News, Social

Off to see The Mann

Today I’m off to see the mann – René Obermann, CEO of Deutsche Telekom (DTAG) – with the DNA Digital guys in Bonn. There we will hopefully get to workshop interesting challenges of the Enterprise2.0.

What would you talk about? I’d like to know! Feel free to leave a comment on the blog or drop me a line on twitter.

Disclaimer: I work for a company that does business with DTAG. However, I'm not getting paid nor am I instructed to write this blog or to participate in the Enterprise2.0 discussion.

News, Social

DNA Digital Workshop – Hello again, Berlin!

I’m attending a workshop (German) held by DNA Digital, an initiative to “connect the Internet generation with CEOs”.  Let’s find out what that means. I’ll keep you posted on how the workshop went.

For the third time in less than a month I find myself in the city of Berlin again. Life is but a long line of coincidences.. .

Disclaimer: I work for a company that does business with DTAG. However, I'm not getting paid nor am I instructed to write this blog or to participate in the Enterprise2.0 discussion.

News, Rants, Social

Twitter muzzled?

UPDATE: Chris Anderson (@TEDchris) was right when he told me that this change would be for the better back in 2009. I accept now in hindsight that my initial reaction was perhaps mostly nostalgic about a future that couldn’t technically and socially exist. As the amount of my followers keept rising, it was becoming self-evident that the changes were needed. Nevertheless, I still feel some of the initial feeling of exciting serendipitous chaos that made Twitter very special back then is gone. I guess I’m still a bit nostalgic. What do you think?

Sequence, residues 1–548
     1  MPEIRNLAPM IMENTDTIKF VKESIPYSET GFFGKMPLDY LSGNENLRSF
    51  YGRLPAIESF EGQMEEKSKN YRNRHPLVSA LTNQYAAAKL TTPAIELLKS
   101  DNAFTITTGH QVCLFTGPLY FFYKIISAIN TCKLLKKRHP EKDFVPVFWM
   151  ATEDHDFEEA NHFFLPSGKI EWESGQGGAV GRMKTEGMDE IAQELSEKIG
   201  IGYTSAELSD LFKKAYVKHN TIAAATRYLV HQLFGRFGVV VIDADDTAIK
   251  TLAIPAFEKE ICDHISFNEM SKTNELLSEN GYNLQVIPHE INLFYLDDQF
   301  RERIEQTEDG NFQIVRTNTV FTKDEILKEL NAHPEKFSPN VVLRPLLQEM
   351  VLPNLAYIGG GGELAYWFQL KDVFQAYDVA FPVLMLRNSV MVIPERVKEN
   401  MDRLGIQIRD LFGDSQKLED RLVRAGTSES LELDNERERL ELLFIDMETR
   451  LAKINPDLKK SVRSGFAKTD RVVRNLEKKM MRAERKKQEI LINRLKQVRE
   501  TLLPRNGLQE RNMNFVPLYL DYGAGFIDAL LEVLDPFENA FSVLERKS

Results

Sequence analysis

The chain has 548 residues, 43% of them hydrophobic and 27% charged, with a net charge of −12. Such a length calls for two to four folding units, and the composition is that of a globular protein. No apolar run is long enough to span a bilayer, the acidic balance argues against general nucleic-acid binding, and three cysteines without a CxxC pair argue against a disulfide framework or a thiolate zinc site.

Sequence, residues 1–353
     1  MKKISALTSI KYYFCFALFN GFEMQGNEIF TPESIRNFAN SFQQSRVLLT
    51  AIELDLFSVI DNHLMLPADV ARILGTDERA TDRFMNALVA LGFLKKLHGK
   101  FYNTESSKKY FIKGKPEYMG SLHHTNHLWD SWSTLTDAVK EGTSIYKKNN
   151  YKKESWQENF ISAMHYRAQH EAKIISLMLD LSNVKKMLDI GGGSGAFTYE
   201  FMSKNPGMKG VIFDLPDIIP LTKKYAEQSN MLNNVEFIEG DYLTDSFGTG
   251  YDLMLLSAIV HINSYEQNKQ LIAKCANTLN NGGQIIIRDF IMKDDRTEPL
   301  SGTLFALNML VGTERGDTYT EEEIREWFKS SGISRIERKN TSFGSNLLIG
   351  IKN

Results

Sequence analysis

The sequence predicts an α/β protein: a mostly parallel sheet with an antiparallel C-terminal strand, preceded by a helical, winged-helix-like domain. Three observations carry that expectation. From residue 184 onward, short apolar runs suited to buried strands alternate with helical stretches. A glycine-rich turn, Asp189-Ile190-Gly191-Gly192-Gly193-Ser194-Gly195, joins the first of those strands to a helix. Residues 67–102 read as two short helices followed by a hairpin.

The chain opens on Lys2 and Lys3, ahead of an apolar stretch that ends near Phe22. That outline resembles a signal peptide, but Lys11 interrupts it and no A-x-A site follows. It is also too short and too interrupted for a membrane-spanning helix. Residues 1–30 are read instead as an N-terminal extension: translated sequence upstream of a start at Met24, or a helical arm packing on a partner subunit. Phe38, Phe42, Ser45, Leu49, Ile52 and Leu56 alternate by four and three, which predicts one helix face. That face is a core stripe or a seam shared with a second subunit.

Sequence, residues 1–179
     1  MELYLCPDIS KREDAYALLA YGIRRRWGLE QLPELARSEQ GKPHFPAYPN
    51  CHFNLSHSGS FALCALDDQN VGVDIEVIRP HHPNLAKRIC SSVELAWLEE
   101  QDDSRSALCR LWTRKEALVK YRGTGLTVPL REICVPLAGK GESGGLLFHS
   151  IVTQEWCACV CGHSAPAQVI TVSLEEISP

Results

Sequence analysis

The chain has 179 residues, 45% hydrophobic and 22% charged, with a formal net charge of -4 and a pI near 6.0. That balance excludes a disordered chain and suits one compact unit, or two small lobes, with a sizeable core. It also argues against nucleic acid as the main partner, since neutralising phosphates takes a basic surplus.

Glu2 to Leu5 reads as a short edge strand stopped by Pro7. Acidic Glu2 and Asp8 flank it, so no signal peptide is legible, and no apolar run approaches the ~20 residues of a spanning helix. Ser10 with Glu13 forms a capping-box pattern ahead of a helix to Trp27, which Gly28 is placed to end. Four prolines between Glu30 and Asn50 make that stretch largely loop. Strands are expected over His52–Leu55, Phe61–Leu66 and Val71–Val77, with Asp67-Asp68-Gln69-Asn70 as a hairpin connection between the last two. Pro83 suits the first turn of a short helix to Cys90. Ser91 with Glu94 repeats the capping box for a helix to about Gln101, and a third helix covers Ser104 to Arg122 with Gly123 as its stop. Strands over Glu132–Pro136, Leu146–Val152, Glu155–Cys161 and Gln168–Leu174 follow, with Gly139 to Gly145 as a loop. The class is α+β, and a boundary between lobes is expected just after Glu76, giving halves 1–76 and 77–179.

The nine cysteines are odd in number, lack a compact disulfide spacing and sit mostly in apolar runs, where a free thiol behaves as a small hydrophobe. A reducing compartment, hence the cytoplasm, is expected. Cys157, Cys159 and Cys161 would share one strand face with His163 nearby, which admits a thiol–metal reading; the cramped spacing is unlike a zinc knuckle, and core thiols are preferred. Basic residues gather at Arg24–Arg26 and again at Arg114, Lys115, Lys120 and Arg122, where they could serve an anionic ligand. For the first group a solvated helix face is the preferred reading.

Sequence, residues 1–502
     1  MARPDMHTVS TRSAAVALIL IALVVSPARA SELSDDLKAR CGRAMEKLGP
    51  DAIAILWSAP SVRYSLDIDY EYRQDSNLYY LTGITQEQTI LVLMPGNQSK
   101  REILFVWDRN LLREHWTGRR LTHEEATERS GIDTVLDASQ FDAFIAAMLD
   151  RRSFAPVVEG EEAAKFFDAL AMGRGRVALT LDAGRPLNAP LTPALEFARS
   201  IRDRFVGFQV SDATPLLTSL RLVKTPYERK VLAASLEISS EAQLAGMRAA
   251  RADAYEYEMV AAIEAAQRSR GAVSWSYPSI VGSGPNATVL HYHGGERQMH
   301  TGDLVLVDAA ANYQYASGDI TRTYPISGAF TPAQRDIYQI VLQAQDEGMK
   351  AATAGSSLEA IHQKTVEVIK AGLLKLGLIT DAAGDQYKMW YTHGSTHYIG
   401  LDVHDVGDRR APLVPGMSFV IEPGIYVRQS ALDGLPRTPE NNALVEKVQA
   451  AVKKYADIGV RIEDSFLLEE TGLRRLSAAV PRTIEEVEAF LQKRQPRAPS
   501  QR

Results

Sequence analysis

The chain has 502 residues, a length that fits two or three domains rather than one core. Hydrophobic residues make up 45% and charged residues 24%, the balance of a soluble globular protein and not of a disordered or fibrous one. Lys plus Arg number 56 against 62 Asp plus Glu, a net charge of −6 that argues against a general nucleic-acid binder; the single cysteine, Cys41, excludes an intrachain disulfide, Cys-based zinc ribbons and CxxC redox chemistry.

Original post below:

This morning I read a blog post over at Read Write Web (RWW) that caught me by surprise. I recommend you read it too. It seems that twitter has removed what I consider an essential feature in their latest update.

I was so surprised that I wrote a comment in the emotional heat of the moment over at RWW and I decided to republish it here later on. My initial thoughts were as follows:

I’m quite appalled that twitter seems to me to be self confident – if not almost smirk – with removing a setting that potentially alters the mechanics of conversing and discovering on twitter on a fundamental level; In other words making twitter less like, well, twitter.